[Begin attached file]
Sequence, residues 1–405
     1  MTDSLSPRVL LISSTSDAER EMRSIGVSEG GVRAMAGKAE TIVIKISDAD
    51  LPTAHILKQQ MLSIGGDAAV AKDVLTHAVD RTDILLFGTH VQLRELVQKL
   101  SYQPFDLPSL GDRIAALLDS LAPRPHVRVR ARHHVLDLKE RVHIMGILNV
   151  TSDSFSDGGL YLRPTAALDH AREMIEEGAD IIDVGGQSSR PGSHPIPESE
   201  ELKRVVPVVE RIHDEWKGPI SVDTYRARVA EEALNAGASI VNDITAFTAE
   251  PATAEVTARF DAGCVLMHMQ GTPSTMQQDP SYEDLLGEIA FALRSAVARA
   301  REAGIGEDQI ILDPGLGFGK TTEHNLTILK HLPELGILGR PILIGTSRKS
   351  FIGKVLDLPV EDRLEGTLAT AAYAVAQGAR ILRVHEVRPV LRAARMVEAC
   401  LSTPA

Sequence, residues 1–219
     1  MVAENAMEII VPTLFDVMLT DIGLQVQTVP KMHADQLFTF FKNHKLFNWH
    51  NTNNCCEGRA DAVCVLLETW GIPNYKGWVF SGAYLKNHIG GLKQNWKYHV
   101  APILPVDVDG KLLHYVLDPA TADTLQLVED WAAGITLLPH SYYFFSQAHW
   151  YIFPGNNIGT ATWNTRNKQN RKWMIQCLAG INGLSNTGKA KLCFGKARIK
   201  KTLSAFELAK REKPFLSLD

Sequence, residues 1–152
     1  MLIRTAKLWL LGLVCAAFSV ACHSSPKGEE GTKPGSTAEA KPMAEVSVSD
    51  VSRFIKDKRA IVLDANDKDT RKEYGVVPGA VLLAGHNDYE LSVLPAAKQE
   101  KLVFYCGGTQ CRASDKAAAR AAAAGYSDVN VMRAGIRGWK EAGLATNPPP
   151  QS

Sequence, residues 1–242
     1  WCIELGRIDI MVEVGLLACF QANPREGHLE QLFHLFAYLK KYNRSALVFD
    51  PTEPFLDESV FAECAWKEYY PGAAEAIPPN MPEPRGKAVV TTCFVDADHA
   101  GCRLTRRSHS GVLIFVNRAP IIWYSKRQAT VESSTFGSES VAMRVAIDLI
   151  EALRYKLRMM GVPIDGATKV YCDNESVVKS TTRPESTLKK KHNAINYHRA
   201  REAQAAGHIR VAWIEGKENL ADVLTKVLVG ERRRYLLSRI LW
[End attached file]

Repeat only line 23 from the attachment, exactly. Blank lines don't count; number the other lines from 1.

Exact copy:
     1  WCIELGRIDI MVEVGLLACF QANPREGHLE QLFHLFAYLK KYNRSALVFD